Back again – this is another sports arena, typical for us. And we've been here before, too; known territory. Van Andel Arena is big and easy for a show, lots of room. We like it.
Pete arrived, but bowed out of soundcheck and camped out in his room. Highly unusual, but the band and Roger ran through things and kept it short. Of course, this leaves potential for uncaught problems we might find during the show, but this band did decades and decades with NO soundchecks, so it won't likely be any trouble at all.
It's great seeing many young kids with their Dads and Moms, all singing along word-for-word. This is quite a multi-generational crowd, and a lot of these people have seen the band for decades, and are now bringing their kids. It's a rock-and-roll crowd, keeping in mind that this state also houses Detroit, a stronghold of The WHO for many years.
London Souls opened again; we've had this hard-rocking duo (electric guitar and drums, both guys sing) on a few of these shows. I believe it's their last show with us. They've been well-received and no trouble – which is an ideal situation for us. I'm sure their glad to have such a big audience each time.
Finally, when the WHO came out onstage, it was more than a cheer, it was kind of a roar. For one thing, these people are REALLY LOUD here! Roger responded with a big “Hello Michigan!!” to the State of their first American shows back in 1967. “It was here, I'll never forget it!” Most English musicians remember their first trip to the big USA forever, despite hundreds of later tours. And the same for Americans visiting England...
Soon after, Pete notes that 'Happy Jack' was their first real hit in the USA, and it was on the radio here in Michigan first. Nicely, he starts to play the 'Happy Jack' riff and Roger joins right in – I'm surprised he still knows how to play it! It did sound cool, so it would be a nice one to hear back in the set someday. Roger said that the radio had played 'Can't Explain' here first, too, long before 'Happy Jack' and before most anyone in the country knew about it.
Townshend clarifies that Ann Arbor was the specific site of first gig (big cheer), and the guys from a new band, the MC5, came out to see them that night.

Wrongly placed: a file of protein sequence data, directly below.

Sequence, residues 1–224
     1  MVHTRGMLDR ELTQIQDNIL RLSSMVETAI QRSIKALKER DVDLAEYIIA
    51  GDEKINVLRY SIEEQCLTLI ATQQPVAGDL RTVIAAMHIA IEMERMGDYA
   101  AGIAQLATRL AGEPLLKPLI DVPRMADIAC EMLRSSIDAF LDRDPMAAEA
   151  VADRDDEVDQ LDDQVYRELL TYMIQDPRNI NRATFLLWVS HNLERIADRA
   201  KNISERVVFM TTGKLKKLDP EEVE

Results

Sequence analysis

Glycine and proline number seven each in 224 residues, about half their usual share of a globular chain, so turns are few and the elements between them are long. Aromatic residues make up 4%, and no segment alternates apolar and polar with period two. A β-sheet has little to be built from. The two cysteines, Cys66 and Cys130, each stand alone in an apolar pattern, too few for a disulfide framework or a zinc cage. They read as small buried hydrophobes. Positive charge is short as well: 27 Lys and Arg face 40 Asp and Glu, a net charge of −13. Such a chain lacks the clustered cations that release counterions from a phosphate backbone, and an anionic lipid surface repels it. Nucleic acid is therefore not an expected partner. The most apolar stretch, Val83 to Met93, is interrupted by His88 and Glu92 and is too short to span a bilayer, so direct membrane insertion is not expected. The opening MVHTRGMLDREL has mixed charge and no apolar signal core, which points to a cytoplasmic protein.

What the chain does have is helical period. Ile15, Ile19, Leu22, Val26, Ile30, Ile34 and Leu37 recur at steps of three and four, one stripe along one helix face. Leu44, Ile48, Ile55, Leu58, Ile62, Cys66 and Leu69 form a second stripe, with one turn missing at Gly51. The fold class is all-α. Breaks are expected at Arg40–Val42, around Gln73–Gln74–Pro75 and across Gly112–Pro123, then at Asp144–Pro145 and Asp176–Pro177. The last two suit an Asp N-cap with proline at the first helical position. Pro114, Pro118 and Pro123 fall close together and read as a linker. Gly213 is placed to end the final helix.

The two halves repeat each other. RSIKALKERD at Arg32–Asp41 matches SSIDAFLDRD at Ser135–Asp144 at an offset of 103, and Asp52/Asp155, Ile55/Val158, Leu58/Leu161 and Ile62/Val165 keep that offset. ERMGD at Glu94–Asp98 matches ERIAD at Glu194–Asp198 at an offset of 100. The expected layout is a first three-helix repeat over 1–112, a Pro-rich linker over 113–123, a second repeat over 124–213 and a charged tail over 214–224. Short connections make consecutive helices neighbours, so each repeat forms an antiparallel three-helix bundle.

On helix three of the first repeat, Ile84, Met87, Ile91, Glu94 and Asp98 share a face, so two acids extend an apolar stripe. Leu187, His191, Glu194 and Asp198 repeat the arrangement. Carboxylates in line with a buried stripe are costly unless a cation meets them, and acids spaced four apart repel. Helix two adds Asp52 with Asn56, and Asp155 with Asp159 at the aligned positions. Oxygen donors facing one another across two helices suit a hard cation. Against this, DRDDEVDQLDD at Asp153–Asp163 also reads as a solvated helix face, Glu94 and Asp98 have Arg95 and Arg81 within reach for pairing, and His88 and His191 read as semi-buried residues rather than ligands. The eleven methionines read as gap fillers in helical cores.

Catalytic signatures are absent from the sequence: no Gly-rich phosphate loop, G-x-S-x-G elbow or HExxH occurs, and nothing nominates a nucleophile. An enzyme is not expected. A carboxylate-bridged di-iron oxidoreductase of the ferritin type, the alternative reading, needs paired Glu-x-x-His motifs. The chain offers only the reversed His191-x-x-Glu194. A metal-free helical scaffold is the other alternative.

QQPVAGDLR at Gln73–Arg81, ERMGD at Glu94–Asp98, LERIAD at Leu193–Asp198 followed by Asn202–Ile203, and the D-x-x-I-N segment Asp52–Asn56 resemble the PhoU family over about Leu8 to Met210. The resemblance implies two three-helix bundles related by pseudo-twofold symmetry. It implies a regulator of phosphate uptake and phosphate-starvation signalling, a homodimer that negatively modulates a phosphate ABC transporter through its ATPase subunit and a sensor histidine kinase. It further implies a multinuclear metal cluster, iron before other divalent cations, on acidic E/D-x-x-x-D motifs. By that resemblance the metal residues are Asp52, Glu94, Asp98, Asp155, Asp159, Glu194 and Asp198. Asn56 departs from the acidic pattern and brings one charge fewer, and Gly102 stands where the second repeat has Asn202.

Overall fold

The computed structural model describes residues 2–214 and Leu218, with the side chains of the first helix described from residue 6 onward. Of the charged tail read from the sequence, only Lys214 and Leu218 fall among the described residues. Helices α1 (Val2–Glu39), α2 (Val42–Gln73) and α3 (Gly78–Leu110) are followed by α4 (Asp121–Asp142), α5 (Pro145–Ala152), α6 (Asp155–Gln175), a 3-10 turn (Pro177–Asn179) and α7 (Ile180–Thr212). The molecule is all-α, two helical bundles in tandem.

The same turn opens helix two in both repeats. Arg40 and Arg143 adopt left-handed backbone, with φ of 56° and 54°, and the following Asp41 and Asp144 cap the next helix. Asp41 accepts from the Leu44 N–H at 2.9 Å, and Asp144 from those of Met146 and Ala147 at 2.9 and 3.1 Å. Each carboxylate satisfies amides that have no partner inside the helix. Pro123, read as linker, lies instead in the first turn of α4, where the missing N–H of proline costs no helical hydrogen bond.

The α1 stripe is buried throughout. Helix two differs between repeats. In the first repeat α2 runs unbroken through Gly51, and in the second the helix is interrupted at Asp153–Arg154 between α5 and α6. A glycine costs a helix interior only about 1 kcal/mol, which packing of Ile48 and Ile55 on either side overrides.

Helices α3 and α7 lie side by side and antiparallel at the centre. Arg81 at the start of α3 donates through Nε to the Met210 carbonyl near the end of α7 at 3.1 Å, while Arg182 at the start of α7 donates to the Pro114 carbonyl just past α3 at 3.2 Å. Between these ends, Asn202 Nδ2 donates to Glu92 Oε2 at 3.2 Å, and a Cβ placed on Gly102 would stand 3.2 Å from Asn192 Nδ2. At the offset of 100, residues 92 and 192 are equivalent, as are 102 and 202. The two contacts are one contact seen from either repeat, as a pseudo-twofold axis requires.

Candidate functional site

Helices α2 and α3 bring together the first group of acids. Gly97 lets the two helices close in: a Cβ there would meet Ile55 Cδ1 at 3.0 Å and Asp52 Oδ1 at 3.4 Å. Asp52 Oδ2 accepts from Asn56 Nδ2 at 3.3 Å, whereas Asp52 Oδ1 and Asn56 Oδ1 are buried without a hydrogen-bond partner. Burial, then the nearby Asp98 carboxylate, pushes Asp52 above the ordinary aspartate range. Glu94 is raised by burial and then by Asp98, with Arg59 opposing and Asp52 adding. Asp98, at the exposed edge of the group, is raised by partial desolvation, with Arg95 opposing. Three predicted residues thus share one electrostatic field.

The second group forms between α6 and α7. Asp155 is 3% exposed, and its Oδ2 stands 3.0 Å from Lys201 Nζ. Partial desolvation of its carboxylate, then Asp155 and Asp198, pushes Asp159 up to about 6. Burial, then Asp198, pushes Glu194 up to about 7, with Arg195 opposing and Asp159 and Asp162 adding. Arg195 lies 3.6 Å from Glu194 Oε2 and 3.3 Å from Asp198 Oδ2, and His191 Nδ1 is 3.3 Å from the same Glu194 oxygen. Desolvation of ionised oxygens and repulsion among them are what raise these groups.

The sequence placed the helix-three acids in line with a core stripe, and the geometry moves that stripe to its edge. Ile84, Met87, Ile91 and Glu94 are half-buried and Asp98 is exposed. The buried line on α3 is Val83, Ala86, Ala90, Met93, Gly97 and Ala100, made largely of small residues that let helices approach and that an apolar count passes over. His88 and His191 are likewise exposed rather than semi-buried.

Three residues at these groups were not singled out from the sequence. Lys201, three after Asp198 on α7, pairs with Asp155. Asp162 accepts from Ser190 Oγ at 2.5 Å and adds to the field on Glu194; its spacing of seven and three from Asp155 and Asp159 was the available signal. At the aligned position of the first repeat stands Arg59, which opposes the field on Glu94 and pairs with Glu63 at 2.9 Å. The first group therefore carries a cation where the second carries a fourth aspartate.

For 9 or 10 songs, things were groovy. The band was powerful and extra-energetic, feet jumping and arms pumping, it certainly looked as exciting as it sounded. But right after, Roger stopped and really let go between songs. He was clearly angry and felt someone was smoking – behind the stage? - and causing him to lose his voice. Protectively, Pete supported him, warning people of the dangers of smoke ending our show, but reassuring Roger that likely no one was behind the stage smoking! (Indeed there were just two local security people there). It was no idle threat, Roger's voice grew notably wobbly, cutting in and out at times, and he began gulping water. We hope he lasts...
Bassist Jon Button has been playing much more adventurous recently, having moved past the “new” stage some time ago. I hear the new spirit is on recommendation of the band members who have encouraged him to stretch-out a little more, in traditional WHO style.
Roger hopes for some changes in the coming Las Vegas shows. While it's normally a place you'd “play it safe” and just play the hits and be done, it seems like he realizes the band (and audience) would be stir-crazy doing the same thing over and over in the same place. This coming run is indeed a new experience for The WHO, who have avoided this kind of longer residency (they originally wanted a monthlong – or more – stay at Caesars. That would not have gone well...)
Pete mentioned that, in the old days, licensing your music for commercial use was considered really bad form. But now, things have changed a lot and, without record stores, MTV, etc., we now discover new artists and music this way, from TV shows, commercials and films. Artists really seek out options for using their music – it's not just money, but exposure to thousands, even millions. Pete said burgers and feminine products had been recently proposed – but couldn't recall what songs were involved. He felt he was among the first doing such licensing for TV shows – like Miami Vice (which received a cheer) for 'Eminence Front'.
There was a HUGE ovation at the end, enough to stun and sort of shock the band. They are used to applause and people hollering, but this was even beyond the norm. Somehow, by the end of the show, all the nonsense had stopped, and Roger seemed nicely recovered. So we left with a good feeling and packed up, ready for the big trip out West!